Obsessive Compulsive Disorder (OCD) and TMS

Obsessive Compulsive Disorder (OCD) and TMS. Obsessive Compulsive Disorder (OCD) is a neuropsychiatric disorder having a prevalence of 2% in America.

Recent Developments on OCD

Obsessive Compulsive Disorder (OCD) is briefly defined by the repetitive disturbing thoughts and the repetitive behaviors made to get rid of them. There are two phases where it rises and becomes apparent during the lifetime: Late-childhood (6-11) or early adolescence (11-15) and early adulthood (20-29).

Obsessive compulsive disorder (OCD)

It is a condition in which the person is preoccupied to a disturbing extent with particular thoughts, impulses and images.


History of TMS

Brain stimulation methods have been used for treatment purposes since quite ancient times. In the 1960s, a research for the effectiveness of low currents on brain began. Having been successfully implemented for the very first time during the 1980s by Anthony Barker et al., TMS is a non-invasive stimulation method being used today for research and treatment purposes. Science is a combination of expertise and engineering.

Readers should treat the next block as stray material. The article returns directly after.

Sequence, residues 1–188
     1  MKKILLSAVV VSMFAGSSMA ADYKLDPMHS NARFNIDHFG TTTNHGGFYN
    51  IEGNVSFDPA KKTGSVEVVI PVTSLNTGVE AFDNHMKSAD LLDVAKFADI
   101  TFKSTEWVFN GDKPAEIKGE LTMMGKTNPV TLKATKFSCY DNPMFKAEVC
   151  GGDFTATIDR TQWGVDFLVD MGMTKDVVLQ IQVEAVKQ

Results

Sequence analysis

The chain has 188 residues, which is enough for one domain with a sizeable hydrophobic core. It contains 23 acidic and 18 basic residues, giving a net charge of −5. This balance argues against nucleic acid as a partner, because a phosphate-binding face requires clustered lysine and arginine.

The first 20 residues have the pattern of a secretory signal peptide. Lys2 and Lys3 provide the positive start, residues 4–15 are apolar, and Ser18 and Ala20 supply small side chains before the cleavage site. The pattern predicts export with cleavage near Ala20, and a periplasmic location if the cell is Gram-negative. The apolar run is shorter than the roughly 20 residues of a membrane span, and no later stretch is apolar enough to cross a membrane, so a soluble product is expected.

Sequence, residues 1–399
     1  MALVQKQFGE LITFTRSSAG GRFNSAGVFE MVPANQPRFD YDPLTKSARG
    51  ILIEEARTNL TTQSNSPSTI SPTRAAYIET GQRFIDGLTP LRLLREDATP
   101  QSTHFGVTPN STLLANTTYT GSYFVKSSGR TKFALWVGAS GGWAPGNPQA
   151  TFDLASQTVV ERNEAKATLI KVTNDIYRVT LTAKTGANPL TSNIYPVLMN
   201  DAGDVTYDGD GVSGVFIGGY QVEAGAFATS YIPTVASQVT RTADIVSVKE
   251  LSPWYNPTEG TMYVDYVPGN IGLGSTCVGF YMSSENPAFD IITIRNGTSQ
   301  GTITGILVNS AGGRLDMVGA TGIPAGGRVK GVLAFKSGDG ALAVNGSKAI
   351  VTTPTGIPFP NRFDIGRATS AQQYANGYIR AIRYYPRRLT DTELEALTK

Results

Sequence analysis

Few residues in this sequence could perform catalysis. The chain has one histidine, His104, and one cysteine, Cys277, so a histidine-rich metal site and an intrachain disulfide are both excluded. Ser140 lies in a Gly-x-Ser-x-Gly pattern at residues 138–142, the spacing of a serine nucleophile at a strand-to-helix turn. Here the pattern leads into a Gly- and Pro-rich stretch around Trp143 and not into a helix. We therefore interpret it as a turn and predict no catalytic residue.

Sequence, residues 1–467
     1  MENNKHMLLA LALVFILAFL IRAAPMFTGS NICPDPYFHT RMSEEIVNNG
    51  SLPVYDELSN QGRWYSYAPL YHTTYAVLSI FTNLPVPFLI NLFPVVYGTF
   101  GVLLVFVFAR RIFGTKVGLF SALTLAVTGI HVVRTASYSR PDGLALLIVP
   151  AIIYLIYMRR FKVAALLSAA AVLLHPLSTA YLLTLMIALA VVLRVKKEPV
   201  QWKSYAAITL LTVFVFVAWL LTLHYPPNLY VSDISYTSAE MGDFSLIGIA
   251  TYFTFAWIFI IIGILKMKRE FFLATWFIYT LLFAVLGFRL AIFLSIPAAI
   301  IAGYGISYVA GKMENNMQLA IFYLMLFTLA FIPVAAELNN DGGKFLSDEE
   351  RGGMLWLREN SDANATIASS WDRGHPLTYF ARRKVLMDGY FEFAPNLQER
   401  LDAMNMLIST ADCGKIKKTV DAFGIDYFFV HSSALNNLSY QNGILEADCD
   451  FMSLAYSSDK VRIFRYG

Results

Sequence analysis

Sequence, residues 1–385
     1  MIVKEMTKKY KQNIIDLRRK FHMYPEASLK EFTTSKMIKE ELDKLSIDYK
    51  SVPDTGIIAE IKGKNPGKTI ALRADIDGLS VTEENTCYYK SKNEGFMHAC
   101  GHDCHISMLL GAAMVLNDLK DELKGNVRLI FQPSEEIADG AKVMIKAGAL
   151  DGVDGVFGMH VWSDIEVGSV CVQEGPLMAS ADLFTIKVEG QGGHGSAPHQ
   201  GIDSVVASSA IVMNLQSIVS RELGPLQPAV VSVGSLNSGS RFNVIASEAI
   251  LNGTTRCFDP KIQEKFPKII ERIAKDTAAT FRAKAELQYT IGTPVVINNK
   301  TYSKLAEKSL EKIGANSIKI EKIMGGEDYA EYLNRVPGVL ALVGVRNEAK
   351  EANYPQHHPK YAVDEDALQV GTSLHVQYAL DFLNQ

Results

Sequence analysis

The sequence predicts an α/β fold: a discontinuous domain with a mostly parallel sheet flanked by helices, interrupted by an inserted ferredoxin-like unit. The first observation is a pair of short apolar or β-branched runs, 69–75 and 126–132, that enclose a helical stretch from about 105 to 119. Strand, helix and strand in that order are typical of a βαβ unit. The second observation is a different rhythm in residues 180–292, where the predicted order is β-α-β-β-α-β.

Deep TMS (Deep Transcranial Magnetic Stimulation)

What is Deep TMS?

Deep TMS is mostly implemented on treatment-resistant disorders, such as major depression, obsessive compulsive disorder (OCD), addiction, attention deficit and hyperactivity disorder (ADHD). It is a drug-free and non-surgical treatment that does not require anesthetics. The patient is awake and conscious during the implementation. The left prefrontal cortex of the brain is stimulated by giving magnetic pulses 4 cm under the head through a plate placed onto the skull. Therefore, the neurons functioning over electrical activity become active via magnetic stimulation. It aims to intervene in major cerebral structures like singulat girus in the limbic system.  This area is the most primitive structures of the emotional brain and is responsible for the regulation of the emotional behaviors.  Improvements are expected to occur in empathy, impulsive control and decision-making.

Obsessive compulsive disorder

Although obsessive compulsive disorder (OCD) is a common disorder (seen at a rate of 1.6-2.2 % in the general population), for various reasons its diagnosis is usually delayed.